DENVER — Peter McNabb, a longtime NHL forward who became a household name as a broadcaster for the Colorado Avalanche, died Sunday. he was 70 years old.
The Avalanche announced his death on social media in a joint statement with Altitude TV. McNab announced he was battling cancer in late summer 2021, but said he was in remission in February. McNabb was part of the broadcast team when the Avalanche won his third Stanley Cup in Tampa Bay last June.
The charismatic McNabb has seen and experienced nearly every step of the Avalanche’s journey since arriving in Denver from Quebec prior to the 1995-96 season. He will be front row for the feat of Joe Sakic, Patrick Roy and Peter Forsberg, his legendary and controversial clash with the Detroit Red Wings, and the dawn of a new era featuring Nathan McKinnon and Cale his Makar. I was sitting in the seat of
“He was a good hockey player, but he will be remembered best as a friend to many,” said Hall of Fame forward-turned-team executive Sakic in a statement. On behalf of the organization, I send my deepest condolences to the entire McNab family.We mourn the loss of Peter.”
After his success at the University of Denver, McNabb played part of 14 NHL seasons with the Buffalo Sabers, Boston Bruins, Vancouver Canucks and New Jersey Devils. He tallied 363 goals and 450 assists in 995 career regular season games. McNabb helped the Sabers reach his 1975 Stanley Cup final, losing to Philadelphia in his six games.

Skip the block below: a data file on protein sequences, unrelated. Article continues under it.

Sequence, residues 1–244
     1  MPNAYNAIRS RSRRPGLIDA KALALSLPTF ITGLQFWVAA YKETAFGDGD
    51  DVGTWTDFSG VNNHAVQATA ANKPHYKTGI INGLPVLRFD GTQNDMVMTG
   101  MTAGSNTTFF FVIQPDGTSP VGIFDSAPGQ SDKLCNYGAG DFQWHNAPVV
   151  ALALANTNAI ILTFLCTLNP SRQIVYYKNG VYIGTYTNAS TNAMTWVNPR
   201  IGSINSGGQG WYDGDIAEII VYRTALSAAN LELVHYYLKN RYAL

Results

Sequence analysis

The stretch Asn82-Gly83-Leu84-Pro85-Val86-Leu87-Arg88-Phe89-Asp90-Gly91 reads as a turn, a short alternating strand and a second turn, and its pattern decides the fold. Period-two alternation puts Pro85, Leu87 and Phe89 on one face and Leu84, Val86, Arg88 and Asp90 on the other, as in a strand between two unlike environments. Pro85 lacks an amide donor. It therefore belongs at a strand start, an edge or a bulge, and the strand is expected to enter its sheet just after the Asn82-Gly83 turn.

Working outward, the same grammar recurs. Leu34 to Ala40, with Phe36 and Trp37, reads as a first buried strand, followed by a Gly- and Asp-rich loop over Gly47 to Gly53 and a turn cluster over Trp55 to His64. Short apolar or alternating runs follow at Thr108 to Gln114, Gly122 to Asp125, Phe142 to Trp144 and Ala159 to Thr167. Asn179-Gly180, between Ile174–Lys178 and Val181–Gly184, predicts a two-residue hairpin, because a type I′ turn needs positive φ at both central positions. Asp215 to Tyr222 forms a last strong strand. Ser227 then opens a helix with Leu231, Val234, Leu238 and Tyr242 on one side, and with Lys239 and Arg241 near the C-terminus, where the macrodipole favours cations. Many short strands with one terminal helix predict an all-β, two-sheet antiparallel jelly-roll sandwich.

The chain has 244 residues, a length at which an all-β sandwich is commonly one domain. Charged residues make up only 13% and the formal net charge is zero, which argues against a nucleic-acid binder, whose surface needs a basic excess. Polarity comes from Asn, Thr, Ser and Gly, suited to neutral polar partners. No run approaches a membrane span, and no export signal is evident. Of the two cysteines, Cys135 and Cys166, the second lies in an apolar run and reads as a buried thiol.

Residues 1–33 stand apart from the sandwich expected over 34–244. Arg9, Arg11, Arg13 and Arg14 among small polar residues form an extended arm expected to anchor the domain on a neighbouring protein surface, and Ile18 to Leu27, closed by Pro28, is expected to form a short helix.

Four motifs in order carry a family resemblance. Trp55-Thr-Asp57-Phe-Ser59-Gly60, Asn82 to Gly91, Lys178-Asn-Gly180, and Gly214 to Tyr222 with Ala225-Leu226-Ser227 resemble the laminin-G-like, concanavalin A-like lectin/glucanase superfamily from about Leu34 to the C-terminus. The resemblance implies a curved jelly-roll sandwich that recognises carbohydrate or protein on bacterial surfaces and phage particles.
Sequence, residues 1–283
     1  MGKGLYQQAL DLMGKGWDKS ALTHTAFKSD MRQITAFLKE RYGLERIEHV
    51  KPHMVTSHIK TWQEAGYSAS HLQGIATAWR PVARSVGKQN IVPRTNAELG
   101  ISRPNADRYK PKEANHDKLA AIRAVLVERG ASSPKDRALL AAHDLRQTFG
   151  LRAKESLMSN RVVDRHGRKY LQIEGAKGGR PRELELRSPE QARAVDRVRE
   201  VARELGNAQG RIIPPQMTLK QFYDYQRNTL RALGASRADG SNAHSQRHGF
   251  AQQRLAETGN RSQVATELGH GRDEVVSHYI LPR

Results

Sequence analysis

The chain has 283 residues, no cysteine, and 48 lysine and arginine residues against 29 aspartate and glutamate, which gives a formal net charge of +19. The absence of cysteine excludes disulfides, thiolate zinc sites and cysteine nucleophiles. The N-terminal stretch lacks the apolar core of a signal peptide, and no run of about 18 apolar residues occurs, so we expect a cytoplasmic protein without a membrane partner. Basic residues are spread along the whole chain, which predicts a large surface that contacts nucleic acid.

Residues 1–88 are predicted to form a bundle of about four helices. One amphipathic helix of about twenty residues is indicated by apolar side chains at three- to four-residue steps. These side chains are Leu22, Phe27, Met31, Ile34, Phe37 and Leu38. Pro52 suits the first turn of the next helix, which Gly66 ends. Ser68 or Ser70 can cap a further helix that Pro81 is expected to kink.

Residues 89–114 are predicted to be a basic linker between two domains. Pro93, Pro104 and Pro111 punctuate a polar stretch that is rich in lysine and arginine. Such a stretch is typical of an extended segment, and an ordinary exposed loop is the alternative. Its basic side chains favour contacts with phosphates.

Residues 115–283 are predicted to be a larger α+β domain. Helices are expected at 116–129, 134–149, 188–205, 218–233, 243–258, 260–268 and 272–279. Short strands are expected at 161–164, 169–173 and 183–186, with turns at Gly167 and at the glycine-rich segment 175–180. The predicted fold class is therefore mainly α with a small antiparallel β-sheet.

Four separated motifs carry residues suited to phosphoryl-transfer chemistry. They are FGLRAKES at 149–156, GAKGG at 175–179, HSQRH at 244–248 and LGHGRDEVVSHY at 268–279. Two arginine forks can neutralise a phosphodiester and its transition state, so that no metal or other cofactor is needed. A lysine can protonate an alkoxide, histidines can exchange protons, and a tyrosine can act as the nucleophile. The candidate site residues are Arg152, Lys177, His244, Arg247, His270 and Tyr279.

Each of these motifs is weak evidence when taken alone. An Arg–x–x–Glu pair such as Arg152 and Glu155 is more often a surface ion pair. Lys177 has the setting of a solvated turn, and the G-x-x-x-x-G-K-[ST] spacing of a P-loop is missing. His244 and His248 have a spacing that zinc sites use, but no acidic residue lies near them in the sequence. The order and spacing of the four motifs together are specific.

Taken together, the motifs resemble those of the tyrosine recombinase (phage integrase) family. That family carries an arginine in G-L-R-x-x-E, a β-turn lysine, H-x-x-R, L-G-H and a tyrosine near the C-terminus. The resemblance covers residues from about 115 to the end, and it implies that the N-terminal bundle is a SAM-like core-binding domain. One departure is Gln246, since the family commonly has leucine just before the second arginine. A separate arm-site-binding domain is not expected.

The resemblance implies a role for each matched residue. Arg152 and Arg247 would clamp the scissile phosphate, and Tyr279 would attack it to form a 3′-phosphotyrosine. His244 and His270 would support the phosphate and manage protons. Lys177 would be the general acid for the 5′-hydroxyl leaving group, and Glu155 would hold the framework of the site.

Once his playing career ended, McNabb ventured into the broadcasting realm, being an analyst for the Devils before joining the Avalanche. In addition, McNab has served as a hockey analyst at several Winter Olympics.
McNab was born in Vancouver, British Columbia and raised in San Diego. He played his three seasons with the Pioneers from 1970 to 1973, helping Denver to finish runner-up in his 1973 NCAA Division I Championship Game. He will be inducted into the United States Hockey Hall of Fame in his 2021 year.
“The hockey world has lost the good stuff here,” former Avalanche and now Nashville forward Matt Duchen posted on social media. It was an honor to meet him.”
Owner E. Stanley Kroenke and President Josh Kroenke added in a joint statement: We have been fortunate that he has been an integral and integral part of our organization during his 27 years. His presence, insight and dedication to growing the sport made us all want to be better stewards of hockey.
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https://www.dailyherald.com/article/20221106/sports/311069907/ Longtime NHL forward and Avs broadcaster McNab dies at 70